Crop Culture Report: Lantana Florida Mound Series

April 16, 2007 - 08:10

The release of the lantana Florida Mound series, bred by Rick Brown at Riverview Flower Farm, Riverview, Fla., has created many new and exciting opportunities for lantana growers. What comes to mind for most growers when asked about lantana is the traditional trailing types primarily used as landscape ground cover. These are the varieties most widely used by growers today, but this might change with the new mounding-type lantana.

The Florida Mound varieties have dark-green foliage with compact, uniform, mounding growth habits, making them suitable for the landscape as well as 1-gal. and 4-inch pot production. These varieties are bred to be non-evasive to neighboring plants and will flower all summer long.

Versatile Varieties

Florida Mound varieties are very versatile and will tolerate temperatures above 100° F and most soil types as well as salt and drought conditions. Lantana is one of only a handful of plants that can survive in moderate drought conditions. The flowers are self-cleaning, continuous and abundant.

There are three Florida Mound varieties available: Red, Orange and Fuchsia. They are available year round from GroLink/Athena Brazil as unrooted or rooted cuttings. Lan-tana cuttings can be very tricky to successfully ship to the grower and must be handled properly by the supplier during stock build-up, harvest, cooling and shipping.

Propagation

Upon receipt of unrooted cuttings, growers must stick them immediately. Once cuttings are stuck in a moist media, put them under mist for 10 seconds every 10 minutes from day 1 to 5. Days 6-10, mist 10 seconds every 15-20 minutes. On day 11, feed with 20-10-20 at 100 ppm and then mist for 10 seconds every 30 minutes until day 20 when plants are somewhat rooted. Syringe occasionally until plants are well rooted; the amount will depend on weather conditions.

Try to keep soil temperatures between 70 and 74° F. The rooted cutting should be ready to transplant in four weeks when sticking one unrooted cutting per 105 cell. Some growers prefer to stick three lantana cuttings in a 50 cell, ready to transplant in five weeks, then transplant into a 1-gal. pot to save time and get more turns in their finished production.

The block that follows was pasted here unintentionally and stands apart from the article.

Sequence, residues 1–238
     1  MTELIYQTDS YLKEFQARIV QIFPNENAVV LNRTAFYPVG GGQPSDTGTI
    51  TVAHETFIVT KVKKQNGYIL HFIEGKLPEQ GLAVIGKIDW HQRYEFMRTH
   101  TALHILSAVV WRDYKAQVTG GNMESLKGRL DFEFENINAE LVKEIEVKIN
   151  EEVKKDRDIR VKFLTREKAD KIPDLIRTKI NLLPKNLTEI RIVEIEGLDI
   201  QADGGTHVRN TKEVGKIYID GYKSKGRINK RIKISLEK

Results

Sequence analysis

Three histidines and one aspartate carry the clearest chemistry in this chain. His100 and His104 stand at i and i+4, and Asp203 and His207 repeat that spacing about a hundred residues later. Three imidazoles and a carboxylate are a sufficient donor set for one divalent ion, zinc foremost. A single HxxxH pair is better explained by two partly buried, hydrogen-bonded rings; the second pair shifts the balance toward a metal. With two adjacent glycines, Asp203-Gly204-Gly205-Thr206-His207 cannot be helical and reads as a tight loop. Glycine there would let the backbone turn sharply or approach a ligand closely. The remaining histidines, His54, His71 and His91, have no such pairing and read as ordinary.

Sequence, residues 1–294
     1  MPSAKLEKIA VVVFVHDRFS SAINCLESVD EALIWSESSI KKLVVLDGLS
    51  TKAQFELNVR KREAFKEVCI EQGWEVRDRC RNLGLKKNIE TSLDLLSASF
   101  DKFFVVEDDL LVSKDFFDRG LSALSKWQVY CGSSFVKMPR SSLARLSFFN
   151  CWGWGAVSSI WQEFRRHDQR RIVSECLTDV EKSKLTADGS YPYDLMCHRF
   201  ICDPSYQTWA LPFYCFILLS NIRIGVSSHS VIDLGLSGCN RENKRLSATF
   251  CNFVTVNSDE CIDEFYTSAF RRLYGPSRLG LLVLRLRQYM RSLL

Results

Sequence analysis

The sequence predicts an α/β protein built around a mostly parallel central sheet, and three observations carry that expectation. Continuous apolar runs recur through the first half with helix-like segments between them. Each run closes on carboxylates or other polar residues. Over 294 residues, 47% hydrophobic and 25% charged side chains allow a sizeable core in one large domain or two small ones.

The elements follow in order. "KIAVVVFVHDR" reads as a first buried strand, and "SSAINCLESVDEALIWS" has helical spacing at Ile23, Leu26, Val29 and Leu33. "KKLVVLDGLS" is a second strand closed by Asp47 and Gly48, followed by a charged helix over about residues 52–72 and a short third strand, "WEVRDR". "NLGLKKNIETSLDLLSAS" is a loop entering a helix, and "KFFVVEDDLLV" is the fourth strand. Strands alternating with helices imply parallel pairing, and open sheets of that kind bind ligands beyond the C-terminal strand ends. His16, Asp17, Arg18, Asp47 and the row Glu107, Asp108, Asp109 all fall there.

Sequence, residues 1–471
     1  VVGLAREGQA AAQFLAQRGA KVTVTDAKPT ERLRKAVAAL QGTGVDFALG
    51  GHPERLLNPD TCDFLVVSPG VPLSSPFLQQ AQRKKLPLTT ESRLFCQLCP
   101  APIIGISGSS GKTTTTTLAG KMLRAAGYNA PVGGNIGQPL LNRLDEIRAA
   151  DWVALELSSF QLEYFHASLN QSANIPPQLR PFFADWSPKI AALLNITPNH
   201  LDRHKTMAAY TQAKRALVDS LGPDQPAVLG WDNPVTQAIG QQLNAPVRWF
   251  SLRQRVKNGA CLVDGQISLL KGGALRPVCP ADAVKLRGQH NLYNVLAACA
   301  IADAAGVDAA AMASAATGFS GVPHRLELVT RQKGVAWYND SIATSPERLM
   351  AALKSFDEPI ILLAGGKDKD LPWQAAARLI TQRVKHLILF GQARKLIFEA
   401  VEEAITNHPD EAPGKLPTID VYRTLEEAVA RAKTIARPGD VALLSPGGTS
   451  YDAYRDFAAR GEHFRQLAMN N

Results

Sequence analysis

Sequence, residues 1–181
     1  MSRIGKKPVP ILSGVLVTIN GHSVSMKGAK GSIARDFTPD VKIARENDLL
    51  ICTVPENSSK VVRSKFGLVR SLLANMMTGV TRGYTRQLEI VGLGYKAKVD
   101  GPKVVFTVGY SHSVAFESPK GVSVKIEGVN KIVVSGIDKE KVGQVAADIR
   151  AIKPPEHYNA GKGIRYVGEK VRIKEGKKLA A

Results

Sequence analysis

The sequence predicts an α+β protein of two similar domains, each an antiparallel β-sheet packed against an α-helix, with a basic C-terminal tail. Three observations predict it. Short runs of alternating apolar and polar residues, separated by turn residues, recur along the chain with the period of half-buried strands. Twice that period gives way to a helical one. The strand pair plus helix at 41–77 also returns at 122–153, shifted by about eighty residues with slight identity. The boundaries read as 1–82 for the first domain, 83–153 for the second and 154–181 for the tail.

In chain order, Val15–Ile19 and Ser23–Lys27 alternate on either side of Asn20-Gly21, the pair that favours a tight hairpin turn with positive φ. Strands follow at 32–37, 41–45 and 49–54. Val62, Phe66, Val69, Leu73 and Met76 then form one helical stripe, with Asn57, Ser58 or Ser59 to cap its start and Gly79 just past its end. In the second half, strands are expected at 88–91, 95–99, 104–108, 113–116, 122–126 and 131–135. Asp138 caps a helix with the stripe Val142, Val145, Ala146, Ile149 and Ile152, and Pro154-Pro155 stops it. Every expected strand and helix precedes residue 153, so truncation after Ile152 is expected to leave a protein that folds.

Growing On

Growing temperatures should always be above 66° F with light levels at 5,000 foot-candles or greater for best results. A single pinch is needed about 10 days after transplant of the rooted cutting. Feed with 20-10-20 at 250 ppm constant with an occasional irrigation of clear water. Keep the pH between 5.8 and 6.2 with a 1.5-2.0 EC level.

No growth regulators are needed or recommended for use on Florida Mound. Florel (ethephon) may help to promote branching but will also delay flowering, which is why I do not recommend this treatment on lantana. A normal preventative insect/disease spray program is recommended, but there are no specific problems associated with growing lantana Florida Mound.

Finishing

Florida Mound var-ieties are hardy in Zones 8-11. The plant will die back with temperatures of 28° F or below, but it is root hardy and will throw up new growth when the weather improves. Florida Mound will, in time, reach a maximum size of 3x3 ft. These plants will flower in clusters with each flower cluster being 1-2 inches in diameter, and they are a magnet for butterflies and humming birds.

About The Author

Paul Gaydos is broker and technical support manager for GroLink, Oxnard, Calif. He can be reached at paul@grolink.com or (941) 750-8885.

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